Title

Non-Target Effect of Imidacloprid on the Predatory Arthropod Guild on Eastern Hemlock, Tsuga canadensis (L.) Carriere, in the Southern Appalachians

Date of Award

5-2008

Degree Type

Thesis

Degree Name

Master of Science

Major

Entomology and Plant Pathology

Major Professor

Jerome F. Grant

Committee Members

Paris L. Lambdin, Frank A. Hale, James R. Rhea

Abstract

Imidacloprid, a neonicotinoid insecticide, is commonly applied on eastern hemlock to reduce populations of Hemlock woolly adelgid (HWA). A large number of other herbivorous and transient insects also are associated with eastern hemlock. These herbivorous insects may acquire imidacloprid through feeding on treated plants. Predatory insects may acquire imidacloprid when they feed on insecticide-contaminated prey. To investigate this phenomenon, a study was conducted at Indian Boundary Campground, Cherokee National Forest, 2005-2007. This study was conducted to: 1) ascertain the effect of imidacloprid used against HWA on the predatory guild associated with eastern hemlock, 2) determine seasonal abundance of the predatory guild on eastern hemlock, and 3) assess influence of vertical stratification on spiders and other predators.

During this study, 4,917 predators representing 75 families and 10 orders were collected. Spiders were the most dominant predator group, and the most abundant spider families were Mimetidae (1,038), Salticidae (736), Araneidae (733), Gnaphosidae (517), Philodromidae (330), Theridiidae (168), Tetragnathidae (161) and Thomisidae (142). The most abundant insect predator families were Vespidae (132), Ichneumonidae (50), Braconidae (31), Pentatomidae (25), Reduviidae (24), Coccinellidae (15), and Elateridae (15). Predator densities were not significantly different between pesticide application times (Fall and Spring). In both years, predator densities in control treatments and horticultural oil treatments were significantly (p<0.05) greater than those in imidacloprid treatments. However, predator densities were not significantly (p<0.05) different among soil drench, soil injection, and tree injection treatments or between control and horticultural oil treatments. Predator densities were at least 1.5-3X greater in the imidacloprid-treated plots in 2007 than in 2006, possibly suggesting a rebound in predator densities 1-1½ years after treatment.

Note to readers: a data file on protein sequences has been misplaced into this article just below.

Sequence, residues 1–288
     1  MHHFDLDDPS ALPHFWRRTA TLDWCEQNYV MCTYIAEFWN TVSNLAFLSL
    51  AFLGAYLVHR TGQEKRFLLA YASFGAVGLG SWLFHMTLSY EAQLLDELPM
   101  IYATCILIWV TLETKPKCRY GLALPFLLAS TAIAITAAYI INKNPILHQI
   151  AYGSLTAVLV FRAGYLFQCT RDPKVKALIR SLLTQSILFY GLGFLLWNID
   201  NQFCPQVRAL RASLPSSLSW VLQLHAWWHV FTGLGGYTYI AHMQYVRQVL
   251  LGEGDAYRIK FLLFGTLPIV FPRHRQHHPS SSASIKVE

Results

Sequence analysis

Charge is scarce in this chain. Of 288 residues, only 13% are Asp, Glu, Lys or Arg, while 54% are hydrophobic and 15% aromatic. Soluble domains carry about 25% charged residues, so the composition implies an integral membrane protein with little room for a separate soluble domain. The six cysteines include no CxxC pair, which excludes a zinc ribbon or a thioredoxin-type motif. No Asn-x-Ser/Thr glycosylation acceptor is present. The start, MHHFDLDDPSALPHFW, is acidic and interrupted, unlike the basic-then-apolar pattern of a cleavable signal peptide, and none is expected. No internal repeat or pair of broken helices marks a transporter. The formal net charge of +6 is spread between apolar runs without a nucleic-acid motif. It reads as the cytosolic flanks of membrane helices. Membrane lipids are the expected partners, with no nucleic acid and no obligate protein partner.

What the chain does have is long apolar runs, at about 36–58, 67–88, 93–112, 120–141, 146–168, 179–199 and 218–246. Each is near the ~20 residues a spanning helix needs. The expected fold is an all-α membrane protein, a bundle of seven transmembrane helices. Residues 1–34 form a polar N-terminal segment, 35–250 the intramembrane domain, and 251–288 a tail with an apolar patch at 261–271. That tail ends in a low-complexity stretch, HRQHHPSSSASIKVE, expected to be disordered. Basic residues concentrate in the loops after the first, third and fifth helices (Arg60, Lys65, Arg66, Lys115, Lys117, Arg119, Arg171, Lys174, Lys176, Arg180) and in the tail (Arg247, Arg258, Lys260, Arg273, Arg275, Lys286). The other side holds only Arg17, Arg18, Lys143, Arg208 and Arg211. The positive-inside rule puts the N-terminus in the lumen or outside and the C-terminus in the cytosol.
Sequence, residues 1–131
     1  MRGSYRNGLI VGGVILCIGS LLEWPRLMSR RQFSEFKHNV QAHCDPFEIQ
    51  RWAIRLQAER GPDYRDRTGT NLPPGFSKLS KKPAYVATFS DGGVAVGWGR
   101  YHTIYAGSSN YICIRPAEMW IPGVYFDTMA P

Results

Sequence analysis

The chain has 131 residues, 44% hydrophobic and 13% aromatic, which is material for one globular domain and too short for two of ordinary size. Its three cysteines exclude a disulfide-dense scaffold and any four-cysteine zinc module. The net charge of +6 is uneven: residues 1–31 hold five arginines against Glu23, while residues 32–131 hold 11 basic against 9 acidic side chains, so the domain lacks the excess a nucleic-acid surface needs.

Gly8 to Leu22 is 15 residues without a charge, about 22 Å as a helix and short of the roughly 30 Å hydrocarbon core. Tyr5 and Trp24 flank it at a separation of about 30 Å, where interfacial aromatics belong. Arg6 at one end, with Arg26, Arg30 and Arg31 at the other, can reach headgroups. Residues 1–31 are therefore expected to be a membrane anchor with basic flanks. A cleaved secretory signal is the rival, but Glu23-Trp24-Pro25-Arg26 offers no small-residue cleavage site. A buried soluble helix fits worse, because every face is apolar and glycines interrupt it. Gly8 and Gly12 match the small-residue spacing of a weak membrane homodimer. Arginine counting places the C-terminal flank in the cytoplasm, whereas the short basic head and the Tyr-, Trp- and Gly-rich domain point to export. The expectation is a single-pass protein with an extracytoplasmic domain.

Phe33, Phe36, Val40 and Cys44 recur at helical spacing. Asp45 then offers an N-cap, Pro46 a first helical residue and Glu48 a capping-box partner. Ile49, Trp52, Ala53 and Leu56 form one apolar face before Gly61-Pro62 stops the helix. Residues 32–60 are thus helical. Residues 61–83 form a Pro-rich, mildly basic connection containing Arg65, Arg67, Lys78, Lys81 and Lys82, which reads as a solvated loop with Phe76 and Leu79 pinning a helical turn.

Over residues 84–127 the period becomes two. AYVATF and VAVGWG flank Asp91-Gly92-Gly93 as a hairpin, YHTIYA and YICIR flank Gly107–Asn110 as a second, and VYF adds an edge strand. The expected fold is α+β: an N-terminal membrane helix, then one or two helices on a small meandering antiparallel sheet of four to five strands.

Predator densities were significantly (p<0.05) greater in the top and middle canopy than in the lower canopy. Imidacloprid concentration level declined progressively from the bottom stratum to the top stratum of the tree canopy. Highest levels were observed in the bottom stratum which shows that higher concentrations of imidacloprid lead to lower numbers of predators and lower concentrations of imidacloprid lead to higher numbers of predators.

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